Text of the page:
Curious. Nervous. Tense.
While on a tour of various neighborhoods and schools in Flint, Michigan, during the 2014 HIRA Intensive, a lady living in one of the houses peered from her window across the street.
Slowly, she approached, curious about why a group of young Muslims were taking a stroll through her neighborhood. We explained to her that we were trying to take in the reality of this city’s situation, studying the corrupt system that plagued her hometown and discussing what role we played in the situation and trying to figure out different ways we could make a difference.
This neighborhood–her neighborhood–is filled with drug addicts, drunks and gangs.
She’s seen hostages and deaths, seen family after family get thrown out of their homes and watched houses across the street be demolished.
In that moment and under these circumstances, she could have complained. She could have voiced her anger at the neglect she had seen her family suffer through. She could have pointed fingers and ridiculed our generation for not caring enough, not doing enough.
She could have criticized, cursed, cried.
Instead, she apologized.
She apologized for what was happening to the countries “where we’re from,” speaking of the countries whose citizens are being slaughtered overseas. She apologized for the hate our religion received from politicians, apologized for the struggles we had to face by identifying as Muslim.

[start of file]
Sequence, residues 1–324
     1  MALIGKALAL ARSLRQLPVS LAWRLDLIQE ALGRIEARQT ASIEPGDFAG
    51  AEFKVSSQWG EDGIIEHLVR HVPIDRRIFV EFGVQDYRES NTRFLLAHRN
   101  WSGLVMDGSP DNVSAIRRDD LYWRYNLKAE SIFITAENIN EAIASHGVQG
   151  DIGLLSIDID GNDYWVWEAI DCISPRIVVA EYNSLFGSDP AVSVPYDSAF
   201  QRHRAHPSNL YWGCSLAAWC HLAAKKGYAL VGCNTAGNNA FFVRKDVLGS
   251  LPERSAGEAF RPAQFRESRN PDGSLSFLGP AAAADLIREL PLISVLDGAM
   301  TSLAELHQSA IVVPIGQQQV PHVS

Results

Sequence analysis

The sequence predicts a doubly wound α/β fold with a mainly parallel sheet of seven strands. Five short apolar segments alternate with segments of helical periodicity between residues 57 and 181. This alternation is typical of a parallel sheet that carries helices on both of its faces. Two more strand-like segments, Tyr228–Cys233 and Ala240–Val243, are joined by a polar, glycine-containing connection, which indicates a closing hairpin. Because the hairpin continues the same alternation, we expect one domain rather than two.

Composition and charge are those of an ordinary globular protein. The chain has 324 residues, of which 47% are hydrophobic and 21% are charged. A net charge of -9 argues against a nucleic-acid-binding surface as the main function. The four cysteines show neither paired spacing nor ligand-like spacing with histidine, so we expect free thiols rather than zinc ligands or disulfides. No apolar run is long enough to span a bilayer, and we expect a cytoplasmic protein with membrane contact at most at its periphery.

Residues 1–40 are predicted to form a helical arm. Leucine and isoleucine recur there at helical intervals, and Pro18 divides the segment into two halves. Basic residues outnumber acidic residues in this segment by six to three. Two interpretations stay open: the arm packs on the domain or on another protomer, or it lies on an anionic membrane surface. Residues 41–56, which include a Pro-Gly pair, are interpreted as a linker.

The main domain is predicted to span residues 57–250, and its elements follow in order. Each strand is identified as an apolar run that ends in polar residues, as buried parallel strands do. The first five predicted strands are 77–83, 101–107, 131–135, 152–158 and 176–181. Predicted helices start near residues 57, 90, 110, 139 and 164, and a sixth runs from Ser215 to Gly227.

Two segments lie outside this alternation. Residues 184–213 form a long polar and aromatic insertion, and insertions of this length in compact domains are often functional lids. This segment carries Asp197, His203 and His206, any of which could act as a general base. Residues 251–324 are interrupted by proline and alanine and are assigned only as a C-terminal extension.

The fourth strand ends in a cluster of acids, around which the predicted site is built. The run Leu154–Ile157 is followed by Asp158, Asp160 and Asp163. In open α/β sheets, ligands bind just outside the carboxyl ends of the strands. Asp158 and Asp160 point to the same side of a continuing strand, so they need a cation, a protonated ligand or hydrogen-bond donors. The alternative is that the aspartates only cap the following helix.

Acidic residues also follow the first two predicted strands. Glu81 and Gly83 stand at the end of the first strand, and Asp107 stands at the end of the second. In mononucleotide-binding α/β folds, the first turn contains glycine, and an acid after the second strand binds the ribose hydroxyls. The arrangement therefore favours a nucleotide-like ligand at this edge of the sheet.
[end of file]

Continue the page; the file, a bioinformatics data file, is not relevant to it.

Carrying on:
She was here, living in her very own war zone, but her heart refused to die. In a time when many had shut their doors in the face of her tragedies, she kept hers wide open, willing to embrace the pain of others despite swimming in struggles herself.
And so we were reminded:
The prophet Muhammad, may peace be upon him, said to a man who was sharpening his knife in the presence of an animal he was about to slaughter, “Do you intend inflicting death on the animal twice – once by sharpening the knife within its sight, and once by cutting its throat?”
As Muslims, our Rasool warned us to ensure that we didn’t let even animals suffer. Yet, in today’s day and age, we let our own neighbors at home endure their pain alone.
We choose to remain ignorant instead of adamant in the face of injustice. We fail to recognize our privilege, blaming residents for their conditions rather than realizing that there is a systematic oppression at play that prevents people from opportunities to succeed.
We kill them twice. We watch them suffer and then do nothing about it.
It’s time that we, as Muslims, acted as a mercy to all of mankind the way our prophet peace be upon him was to the world. It’s time that we, as Americans, took note and fought for those suffering in our own backyards the way we fight for our brothers and sisters overseas.
It’s time that we, as humans, kept our hearts alive.
Verily, with every hardship comes ease, and may Allah grant those suffering here at home and overseas His mercy and victory soon.